3 Stories About Black Music History in 6 Minutes (or So)

Black-music-history

Music has been a part of Robert F. Smith’s life since he was a child. Smith’s father William attended college on a music scholarship and made sure music was a part of their family’s everyday life. Smith once recalled that his family often gathered around the piano at night, and at night when they went to bed, Leontyne Price — an internationally renowned African American operatic soprano — sang arias on the stereo.

Smith continues to be a music lover, and his philanthropic work reflects that. The Fund II Foundation, of which Smith is founding director and President, seeks to both preserve the African American experience and expand access to music education in schools across the country. Part of the Foundation’s mission is to use music education to “nourish both talent and the soul.”

One of Smith’s initiatives to expand access to education about music, specifically Black music history, is the video podcast Black History in Two Minutes (or so). The web series recently received its second year of accolades, earning two 2020 Webby Awards in the People’s Choice category as well as the Education and Discovery category. The brainchild of Smith, who serves as Executive Director of the project, Black History in Two Minutes creates video histories focused on African Americans that are narrated by co-executive producer, Professor Henry Louis Gates, Jr. To date, the series has produced more than 50 videos on Black history along with educational materials. 

Black History Told Through Music 

The following videos from Black History in Two Minutes, focus on the history of Black music. They help tell the story of how certain beloved music genres and icons of Black entertainment came into being and why they are so important.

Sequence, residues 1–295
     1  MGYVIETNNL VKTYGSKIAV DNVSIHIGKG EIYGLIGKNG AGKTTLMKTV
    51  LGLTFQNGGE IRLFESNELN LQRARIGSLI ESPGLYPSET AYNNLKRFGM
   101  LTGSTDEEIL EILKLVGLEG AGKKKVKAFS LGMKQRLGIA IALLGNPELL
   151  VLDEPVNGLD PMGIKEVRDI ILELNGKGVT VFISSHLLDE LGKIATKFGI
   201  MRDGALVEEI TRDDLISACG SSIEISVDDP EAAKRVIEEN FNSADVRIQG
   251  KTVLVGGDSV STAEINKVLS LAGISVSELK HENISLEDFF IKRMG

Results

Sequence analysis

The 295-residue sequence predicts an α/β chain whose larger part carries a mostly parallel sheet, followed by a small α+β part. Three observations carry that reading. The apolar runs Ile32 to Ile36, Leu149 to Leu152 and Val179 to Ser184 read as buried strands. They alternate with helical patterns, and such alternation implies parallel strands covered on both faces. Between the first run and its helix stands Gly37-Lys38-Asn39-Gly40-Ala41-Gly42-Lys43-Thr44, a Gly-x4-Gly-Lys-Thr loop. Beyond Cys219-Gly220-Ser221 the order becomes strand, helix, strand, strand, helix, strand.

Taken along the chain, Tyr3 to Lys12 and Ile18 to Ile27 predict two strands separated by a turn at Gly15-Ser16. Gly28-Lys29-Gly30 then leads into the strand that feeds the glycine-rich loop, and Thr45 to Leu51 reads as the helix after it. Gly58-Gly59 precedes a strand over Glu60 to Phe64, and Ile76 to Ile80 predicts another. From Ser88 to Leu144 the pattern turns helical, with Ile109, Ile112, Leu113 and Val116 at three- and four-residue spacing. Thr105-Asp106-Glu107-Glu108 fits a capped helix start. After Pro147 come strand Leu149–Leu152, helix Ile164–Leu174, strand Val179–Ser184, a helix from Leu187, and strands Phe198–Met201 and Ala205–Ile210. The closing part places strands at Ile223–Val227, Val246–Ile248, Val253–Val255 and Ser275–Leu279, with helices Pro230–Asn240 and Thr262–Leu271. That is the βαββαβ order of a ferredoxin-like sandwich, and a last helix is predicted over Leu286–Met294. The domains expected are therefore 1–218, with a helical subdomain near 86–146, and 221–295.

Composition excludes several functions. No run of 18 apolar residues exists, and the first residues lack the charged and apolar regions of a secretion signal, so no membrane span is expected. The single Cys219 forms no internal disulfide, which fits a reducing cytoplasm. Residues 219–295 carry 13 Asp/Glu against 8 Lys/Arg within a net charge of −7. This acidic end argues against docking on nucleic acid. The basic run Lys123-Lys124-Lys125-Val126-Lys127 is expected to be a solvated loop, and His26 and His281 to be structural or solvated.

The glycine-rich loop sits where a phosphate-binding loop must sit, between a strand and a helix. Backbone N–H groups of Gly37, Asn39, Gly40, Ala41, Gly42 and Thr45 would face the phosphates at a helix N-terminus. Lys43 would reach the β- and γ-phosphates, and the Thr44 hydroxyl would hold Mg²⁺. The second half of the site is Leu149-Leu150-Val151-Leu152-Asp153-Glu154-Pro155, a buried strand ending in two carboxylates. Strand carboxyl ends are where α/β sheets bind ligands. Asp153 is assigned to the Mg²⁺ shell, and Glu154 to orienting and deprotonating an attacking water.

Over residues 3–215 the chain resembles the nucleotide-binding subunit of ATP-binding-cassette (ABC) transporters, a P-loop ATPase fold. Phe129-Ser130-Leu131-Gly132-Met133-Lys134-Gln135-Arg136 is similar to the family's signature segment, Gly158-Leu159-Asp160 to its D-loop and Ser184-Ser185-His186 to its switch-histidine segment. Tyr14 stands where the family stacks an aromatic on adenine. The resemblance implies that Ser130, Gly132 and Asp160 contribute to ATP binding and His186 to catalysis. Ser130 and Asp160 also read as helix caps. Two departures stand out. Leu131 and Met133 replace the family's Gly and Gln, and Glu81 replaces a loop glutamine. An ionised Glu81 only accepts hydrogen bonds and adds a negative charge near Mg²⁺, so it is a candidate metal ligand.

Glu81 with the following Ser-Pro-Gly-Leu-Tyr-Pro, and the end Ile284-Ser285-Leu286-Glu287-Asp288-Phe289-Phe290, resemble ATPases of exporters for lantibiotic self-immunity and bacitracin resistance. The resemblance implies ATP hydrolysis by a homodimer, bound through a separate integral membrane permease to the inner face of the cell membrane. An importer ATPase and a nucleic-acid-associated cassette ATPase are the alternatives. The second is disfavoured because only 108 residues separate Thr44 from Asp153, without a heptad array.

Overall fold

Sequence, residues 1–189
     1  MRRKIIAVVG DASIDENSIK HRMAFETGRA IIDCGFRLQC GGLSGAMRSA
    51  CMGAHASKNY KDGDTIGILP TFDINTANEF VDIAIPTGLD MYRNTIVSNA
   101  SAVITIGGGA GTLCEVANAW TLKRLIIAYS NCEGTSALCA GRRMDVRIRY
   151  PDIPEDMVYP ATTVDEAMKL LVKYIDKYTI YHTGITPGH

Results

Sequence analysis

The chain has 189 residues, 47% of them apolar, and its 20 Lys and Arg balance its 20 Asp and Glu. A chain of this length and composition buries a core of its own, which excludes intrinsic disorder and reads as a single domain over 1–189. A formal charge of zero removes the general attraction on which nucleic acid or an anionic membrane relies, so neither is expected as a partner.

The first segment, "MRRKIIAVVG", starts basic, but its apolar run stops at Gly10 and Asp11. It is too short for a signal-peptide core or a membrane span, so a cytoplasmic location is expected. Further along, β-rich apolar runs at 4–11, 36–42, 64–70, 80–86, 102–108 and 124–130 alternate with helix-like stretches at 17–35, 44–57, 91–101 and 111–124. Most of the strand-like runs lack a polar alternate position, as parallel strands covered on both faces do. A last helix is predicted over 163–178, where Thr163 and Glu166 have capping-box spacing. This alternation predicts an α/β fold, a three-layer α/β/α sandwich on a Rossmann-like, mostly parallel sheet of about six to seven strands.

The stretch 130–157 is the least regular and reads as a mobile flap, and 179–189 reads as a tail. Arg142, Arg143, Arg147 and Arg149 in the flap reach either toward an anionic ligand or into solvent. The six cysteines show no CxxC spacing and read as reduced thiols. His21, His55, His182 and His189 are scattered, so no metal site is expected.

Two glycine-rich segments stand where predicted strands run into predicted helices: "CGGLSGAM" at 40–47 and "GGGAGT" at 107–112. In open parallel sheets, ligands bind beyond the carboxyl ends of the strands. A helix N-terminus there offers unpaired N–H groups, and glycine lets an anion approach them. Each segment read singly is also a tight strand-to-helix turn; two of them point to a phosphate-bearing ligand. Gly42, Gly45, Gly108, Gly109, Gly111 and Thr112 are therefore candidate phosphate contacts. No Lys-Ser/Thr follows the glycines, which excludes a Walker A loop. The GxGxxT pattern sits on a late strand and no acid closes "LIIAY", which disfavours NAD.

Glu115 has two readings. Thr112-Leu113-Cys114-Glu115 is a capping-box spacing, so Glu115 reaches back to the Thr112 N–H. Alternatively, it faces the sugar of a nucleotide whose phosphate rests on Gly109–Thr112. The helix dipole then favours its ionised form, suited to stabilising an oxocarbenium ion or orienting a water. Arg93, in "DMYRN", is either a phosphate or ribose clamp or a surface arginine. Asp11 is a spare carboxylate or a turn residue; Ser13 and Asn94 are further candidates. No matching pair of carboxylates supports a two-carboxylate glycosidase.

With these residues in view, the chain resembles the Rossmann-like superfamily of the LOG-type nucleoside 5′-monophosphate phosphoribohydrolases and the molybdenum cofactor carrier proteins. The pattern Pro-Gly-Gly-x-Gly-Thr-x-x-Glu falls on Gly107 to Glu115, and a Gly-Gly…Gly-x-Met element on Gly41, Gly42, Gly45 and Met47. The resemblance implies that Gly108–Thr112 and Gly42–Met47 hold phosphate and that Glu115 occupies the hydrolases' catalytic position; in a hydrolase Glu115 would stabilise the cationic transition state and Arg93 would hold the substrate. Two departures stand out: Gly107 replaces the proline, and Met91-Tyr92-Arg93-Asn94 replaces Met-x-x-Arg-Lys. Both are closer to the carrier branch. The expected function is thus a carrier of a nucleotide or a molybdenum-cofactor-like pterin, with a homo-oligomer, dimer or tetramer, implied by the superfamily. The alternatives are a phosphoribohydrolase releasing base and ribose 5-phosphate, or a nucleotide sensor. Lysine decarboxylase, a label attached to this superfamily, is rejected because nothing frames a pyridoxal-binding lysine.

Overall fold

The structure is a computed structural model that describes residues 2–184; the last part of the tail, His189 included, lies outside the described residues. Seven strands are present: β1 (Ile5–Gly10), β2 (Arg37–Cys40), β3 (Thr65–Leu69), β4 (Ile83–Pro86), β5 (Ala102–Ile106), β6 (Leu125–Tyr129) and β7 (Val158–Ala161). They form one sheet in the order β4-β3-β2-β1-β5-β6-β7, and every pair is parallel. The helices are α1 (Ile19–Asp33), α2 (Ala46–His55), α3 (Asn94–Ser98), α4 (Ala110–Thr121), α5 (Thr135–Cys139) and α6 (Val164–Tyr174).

The Birth of Hip Hop

The origins of the hip-hop genre bring us to a South Bronx house party in the year 1973. DJ Kool Herc started using new turntable techniques, like switching rapidly from record to record, that led to the discovery of the hip hop genre. Over the years, the hip-hop genre has been used as a platform for activism to fight for justice and equality for Black Americans.

To learn more about the history of hip hop, watch the full episode on Black History in Two Minutes.

The Birth of Jazz

Jazz traces its origins back to New Orleans, Louisiana. Early jazz music was played by Black artists, and talented musicians like Louis Armstrong and Bessie Smith popularized the genre. Because jazz was often played by African American artists in so-called red-light districts, it was deemed “immoral music,” and steps were even taken to limit its rise and influence.

To learn more about the history of jazz, watch the full episode on Black History in Two Minutes.

Soul Train

Jazz traces its origins back to New Orleans, Louisiana. Early jazz music was played by Black artists, and talented musicians like Louis Armstrong and Bessie Smith popularized the genre. Because jazz was often played by African American artists in so-called red-light districts, it was deemed “immoral music,” and steps were even taken to limit its rise and influence.

To learn more about Soul Train, watch the full episode on Black History in Two Minutes.